I opted for a weekend course as opposed to their 10-day continuous course. 4 courses, taught over 4 weekends with a full working week in between to drive everything out of your head. However, I didn’t worry about the exam at that point — I simply wanted to learn. That helped. I just paid attention to the course material out of the exam context. That meant I was simply listening to elevate my understanding of UX; not to memorize & reproduce.

During my work week, I’ll forget all about the course until Friday. I decided to schedule my exam 2 weeks after my course, hoping that would give me enough time to prepare. That did give me enough time but I just didn’t prepare.

My preparation just involved going through the books, extracting the key points and typing them out as notes. As I would later realize, I didn’t get to use them.

Open book exams were also completely new to me but it was comforting to know that I’d have access to my notes and the 4 dictionaries sized books.

I reached the exam center just 5 minutes before the scheduled time. Neatly arranged all my books in the order that I wanted to take them in — UX Foundations, User Centred Analysis, User Centred Design, Usability testing. I logged into the exam application to find out that the order of the exam is predefined. Yes, that’s how unprepared I was. I quickly rearranged my books to reflect the exam ordered and went ahead.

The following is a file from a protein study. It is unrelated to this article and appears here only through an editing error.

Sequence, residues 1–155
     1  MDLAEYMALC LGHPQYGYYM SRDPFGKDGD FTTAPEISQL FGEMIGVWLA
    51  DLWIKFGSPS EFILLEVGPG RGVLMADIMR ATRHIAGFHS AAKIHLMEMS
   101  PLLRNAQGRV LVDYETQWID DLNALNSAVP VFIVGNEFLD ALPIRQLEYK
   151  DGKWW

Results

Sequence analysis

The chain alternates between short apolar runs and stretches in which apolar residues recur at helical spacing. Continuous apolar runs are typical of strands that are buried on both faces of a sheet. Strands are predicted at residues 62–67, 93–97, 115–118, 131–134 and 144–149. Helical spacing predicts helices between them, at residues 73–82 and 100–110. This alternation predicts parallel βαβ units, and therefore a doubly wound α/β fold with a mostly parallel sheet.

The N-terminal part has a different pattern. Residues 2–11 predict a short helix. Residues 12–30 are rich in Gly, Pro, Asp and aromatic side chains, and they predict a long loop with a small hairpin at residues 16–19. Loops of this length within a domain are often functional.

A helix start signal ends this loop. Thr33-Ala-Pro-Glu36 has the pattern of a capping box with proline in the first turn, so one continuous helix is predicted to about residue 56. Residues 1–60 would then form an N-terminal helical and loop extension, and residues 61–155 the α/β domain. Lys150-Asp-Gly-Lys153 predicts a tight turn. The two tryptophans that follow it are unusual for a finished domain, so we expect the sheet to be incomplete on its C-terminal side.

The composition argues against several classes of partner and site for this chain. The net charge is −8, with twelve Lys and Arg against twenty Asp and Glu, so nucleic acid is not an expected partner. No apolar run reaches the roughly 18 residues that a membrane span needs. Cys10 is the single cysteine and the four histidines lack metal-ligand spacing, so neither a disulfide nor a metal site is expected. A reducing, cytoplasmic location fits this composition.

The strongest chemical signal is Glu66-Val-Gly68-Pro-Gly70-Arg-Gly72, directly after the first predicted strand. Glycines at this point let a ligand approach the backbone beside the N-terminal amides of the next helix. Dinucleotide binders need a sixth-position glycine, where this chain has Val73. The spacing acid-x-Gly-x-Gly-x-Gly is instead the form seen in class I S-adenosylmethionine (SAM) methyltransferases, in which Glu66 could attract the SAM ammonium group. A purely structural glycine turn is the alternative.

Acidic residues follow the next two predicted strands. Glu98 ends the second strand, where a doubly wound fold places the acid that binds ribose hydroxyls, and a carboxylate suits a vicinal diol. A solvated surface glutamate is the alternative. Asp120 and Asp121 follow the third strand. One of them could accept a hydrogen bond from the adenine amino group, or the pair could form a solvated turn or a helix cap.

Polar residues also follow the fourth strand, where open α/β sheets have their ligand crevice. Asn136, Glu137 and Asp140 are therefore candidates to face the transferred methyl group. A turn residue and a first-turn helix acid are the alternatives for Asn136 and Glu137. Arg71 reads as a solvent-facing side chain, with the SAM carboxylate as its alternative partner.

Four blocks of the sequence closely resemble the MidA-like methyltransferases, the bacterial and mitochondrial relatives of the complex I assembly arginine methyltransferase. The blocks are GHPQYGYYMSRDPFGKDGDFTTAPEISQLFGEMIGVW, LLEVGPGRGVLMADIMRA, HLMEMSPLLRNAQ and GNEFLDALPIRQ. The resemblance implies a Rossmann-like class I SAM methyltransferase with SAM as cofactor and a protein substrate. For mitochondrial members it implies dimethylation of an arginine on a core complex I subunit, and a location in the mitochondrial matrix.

The moment I went through the first few questions, I realised — it wasn’t as bad as I thought.

Without revealing too much, here are my top tips for exam:

Pick answers by elimination

Most common advice but doesn’t hurt to repeat. Almost always, you’ll be able to quickly eliminate two answers. Do that. Then let the remaining options battle it out and even if you’re unsure, there’s a 50% chance that you’re right.

Treat them like 4 exams, not 1 exam

This one was reiterated by my brother who took the exam a few years ago. You must have the discipline to allocate time for each sections and actually stick to it. You do not want to end up in the last 20 minutes with 30 questions to answer.

Trust your common sense a little bit more than your memory

The course will give you an elevated common sense of usability, trust that. Especially for scenario type questions. Don’t rely too much on the course material and trying to map topics to questions, it’ll just create unnecessary stress. If you’ve understood (as opposed to studied) the course material, you’ll be able to pick the right choice instinctively.

Know the broad outline for each book

There are a few direct questions and the easiest way to get them right in the first attempt is to quickly scan the book. To be quick, you need to know exactly where they’re located.

Content is organized logically in the book but spends some time with the books to understand its outline. I referred the book to almost every question because I was able to quickly figure out where it was in the book

Watch out for language traps

Questions and options are worded weirdly. Sometimes, even direct questions are worded slightly differently. I’m assuming HFI is pushing really hard to test for understanding versus memory. To illustrate with a fictitious example, your course material might say “preferred method” but option might say “like to”.

There is some joy in taking a well-designed exam. I enjoyed the whole experience and was quite surprised with myself to finish it 30 minutes early. I confidently clicked “Submit” knowing that I would clear it and yes, behind that loading screen, I was awaiting my confirmation to be a Certified Usability Analyst.

Oh and those printouts that I struggled for. Turns out, I didn’t need them at all :)